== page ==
On Saturday, President Biden delivered a speech in Warsaw, Poland, about the war in Ukraine that his aides billed as one of the most important of his presidency. Biden talked about the fight in Ukraine as a larger struggle in the “battle for democracy” and human freedom, but all anyone is talking about is his off-the-cuff remark about Russian President Vladimir Putin: “For God’s sake, this man cannot remain in power.”
This was a clear misstatement. Regime change in Moscow is not the position of the United States and is not the stated objective of U.S. support for Ukraine.
We know that Biden screwed up, because the White House immediately tried to walk back the president’s comments. That doesn’t happen when the president says something correctly.
Immediately, the conventional wisdom was that Biden had made a notable gaffe. However, by Monday, the conventional wisdom had shifted to applauding Biden’s statement: He said what he felt. What’s wrong with making Putin squirm a little?
Biden largely adopted this position. When asked about the controversy again, he told reporters he was simply “expressing the moral outrage I felt” and that he wasn’t articulating a policy change.
But that doesn’t fly, and neither do the efforts to explain away Biden’s misstatement. The fact is—and Biden knows this—if the president says something, it is policy. Many years ago, when I served in the State Department as a speechwriter, this simple maxim was constantly drilled into our heads. If we weren’t sure what the current policy on a particular foreign policy issue was, we checked what the president had recently said. Voilà, we had our answer.
The president of the United States doesn’t get the luxury of expressing moral outrage and calling for the removal of a foreign leader and then compartmentalizing it from U.S. policy.
No matter how Biden tries to spin this, one can be quite confident that Putin will not view his comments with the nuance that the president would prefer. Rather, Biden’s words will only feed the Russian leader’s conviction that NATO expansion into his country’s near-abroad (and military support for Ukraine) is simply regime change by another name.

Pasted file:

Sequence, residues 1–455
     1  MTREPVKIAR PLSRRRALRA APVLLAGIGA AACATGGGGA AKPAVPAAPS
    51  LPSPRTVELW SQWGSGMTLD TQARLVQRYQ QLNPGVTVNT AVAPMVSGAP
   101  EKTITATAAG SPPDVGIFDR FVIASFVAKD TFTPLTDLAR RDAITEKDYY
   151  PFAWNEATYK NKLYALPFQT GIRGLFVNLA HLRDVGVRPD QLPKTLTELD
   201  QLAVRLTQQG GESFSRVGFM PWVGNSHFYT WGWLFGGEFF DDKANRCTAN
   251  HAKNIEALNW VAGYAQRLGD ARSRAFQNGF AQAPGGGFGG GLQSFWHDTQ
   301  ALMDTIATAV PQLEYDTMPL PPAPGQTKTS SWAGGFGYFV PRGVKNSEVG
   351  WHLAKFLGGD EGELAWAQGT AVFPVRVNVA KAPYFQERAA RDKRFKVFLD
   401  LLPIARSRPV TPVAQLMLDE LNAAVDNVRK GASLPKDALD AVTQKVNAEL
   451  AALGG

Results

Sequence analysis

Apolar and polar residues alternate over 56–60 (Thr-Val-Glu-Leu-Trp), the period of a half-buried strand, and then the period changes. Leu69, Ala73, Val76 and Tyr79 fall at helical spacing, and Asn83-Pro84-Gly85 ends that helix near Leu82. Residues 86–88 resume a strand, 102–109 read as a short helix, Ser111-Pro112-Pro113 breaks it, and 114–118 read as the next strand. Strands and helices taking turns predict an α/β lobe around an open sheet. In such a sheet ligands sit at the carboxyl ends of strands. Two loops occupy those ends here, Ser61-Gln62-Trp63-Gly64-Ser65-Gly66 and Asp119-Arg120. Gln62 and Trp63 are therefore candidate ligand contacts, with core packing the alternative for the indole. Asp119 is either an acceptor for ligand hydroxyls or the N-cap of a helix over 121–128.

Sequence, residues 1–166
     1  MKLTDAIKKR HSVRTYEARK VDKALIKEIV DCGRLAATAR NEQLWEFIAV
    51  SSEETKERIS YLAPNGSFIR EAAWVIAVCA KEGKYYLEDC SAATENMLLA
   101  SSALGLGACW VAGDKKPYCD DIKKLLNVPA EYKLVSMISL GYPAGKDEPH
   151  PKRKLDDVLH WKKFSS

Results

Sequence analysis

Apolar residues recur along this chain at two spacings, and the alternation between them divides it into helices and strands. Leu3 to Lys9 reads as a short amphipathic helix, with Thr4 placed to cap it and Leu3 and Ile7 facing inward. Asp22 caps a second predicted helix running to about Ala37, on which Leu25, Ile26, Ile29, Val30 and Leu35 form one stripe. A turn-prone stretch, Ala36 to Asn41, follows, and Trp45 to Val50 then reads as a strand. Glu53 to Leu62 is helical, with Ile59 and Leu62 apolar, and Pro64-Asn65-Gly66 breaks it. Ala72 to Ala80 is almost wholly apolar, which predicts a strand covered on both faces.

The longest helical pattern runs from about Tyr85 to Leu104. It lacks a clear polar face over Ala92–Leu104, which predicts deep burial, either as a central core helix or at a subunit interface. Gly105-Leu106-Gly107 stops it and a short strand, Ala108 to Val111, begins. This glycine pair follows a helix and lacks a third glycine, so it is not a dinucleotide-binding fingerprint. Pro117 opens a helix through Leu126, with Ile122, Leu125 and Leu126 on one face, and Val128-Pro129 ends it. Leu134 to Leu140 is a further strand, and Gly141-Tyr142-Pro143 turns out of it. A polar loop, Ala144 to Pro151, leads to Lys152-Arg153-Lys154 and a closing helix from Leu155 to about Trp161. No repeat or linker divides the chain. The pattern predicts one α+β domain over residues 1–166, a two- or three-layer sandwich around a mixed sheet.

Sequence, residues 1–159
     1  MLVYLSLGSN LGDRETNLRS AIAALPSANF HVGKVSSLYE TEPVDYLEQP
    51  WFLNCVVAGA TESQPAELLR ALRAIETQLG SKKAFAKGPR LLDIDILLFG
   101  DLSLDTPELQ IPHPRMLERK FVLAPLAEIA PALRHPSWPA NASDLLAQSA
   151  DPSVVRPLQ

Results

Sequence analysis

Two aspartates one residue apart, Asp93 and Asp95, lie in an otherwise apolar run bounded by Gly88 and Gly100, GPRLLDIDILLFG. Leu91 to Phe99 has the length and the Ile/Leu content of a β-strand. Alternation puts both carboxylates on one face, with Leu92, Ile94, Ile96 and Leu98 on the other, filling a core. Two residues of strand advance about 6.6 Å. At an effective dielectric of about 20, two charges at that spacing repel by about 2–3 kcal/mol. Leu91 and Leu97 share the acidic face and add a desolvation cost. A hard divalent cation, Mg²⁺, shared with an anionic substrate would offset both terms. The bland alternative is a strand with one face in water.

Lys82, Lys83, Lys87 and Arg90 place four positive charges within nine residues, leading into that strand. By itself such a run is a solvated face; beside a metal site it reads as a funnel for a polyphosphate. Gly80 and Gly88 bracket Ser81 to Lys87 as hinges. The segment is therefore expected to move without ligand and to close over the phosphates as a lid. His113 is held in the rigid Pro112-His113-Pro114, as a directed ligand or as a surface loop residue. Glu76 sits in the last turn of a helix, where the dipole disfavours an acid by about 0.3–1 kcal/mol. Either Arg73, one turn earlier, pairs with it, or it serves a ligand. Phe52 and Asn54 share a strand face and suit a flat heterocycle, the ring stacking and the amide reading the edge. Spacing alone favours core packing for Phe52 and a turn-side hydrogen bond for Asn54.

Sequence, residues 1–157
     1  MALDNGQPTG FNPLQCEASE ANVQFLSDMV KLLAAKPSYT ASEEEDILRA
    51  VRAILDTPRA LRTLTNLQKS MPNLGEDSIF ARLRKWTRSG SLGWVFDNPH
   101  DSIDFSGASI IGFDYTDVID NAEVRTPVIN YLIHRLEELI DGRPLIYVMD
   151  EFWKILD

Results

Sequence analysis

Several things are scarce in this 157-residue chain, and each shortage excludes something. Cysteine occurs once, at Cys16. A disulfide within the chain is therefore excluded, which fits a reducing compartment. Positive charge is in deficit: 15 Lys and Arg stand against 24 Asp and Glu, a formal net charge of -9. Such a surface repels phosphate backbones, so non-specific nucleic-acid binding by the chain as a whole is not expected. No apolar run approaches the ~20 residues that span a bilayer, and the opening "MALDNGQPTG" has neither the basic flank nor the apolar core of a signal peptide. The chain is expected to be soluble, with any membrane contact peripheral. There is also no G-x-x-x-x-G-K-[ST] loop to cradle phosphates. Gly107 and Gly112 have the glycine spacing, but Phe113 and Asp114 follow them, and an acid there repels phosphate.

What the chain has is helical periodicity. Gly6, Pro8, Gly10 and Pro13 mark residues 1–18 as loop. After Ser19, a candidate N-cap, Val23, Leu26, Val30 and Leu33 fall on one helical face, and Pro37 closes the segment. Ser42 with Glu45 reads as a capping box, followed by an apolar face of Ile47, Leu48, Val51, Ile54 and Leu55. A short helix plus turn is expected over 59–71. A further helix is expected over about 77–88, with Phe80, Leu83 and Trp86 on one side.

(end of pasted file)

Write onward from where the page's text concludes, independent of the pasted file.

As Chris Fettweis, a professor of international relations at Tulane University, said to me: “I don’t think you want to make a trapped rat any more desperate or paranoid.” And that’s what Biden has inadvertently done.
Already in the last few weeks, Biden has called Putin a “pure thug,” a “murderous dictator,” a “war criminal,” and a “butcher.” The State Department has also officially adopted the position that Russia is committing war crimes in Ukraine. These statements undercut America’s effectiveness as an honest broker in diplomatic negotiations aimed at ending the war.
But also, and here’s something almost no one has mentioned: They make it more difficult for the U.S. eventually to lift sanctions on Russia, which will almost certainly be a requirement of any cease-fire currently being negotiated between the two sides. How does Biden explain lifting sanctions on a country whose leader he believes is a war criminal and shouldn’t remain in power?
More likely than not, when the fighting has ended in Ukraine, Putin will remain in power. And the U.S., whether it likes it or not, cannot simply ignore the president of a country that has the eleventh-largest economy in the world (for now) and thousands of nuclear weapons.
Biden’s words also make life more difficult for America’s allies. Consider, for example, French President Emmanuel Macron’s response to Biden’s words. “I wouldn’t use terms like that because I’m still in talks with President Putin,” Macron said. “Our goal is to stop the war Russia launched in Ukraine while avoiding a war and escalation.”
Macron is making this statement because he’s fearful that, since France and the U.S. are allied against Russia’s war, he will be tarred by Biden’s comments. In other words, as the leader of NATO, Biden advocating regime change in Moscow could be interpreted by Putin as a statement of policy not just for the U.S. but also for NATO.
Biden has also played directly into the hands of the cohort of foreign policy hawks who want the U.S. to adopt a policy of regime change with regard to Putin. The short-term goal for the U.S. and its Western allies is to end the bloodletting in Ukraine. Biden’s words will make that goal harder to achieve and will embolden the regime change crowd.
If there’s one lesson that Biden and his team have consistently followed throughout the crisis in Ukraine, it’s to keep the focus off the U.S.—and on Russia and its deplorable actions in Ukraine. Biden’s statement is having the opposite effect. It’s not the end of the world, but no one should kid themselves into believing that Biden didn’t make a mistake. He definitely did.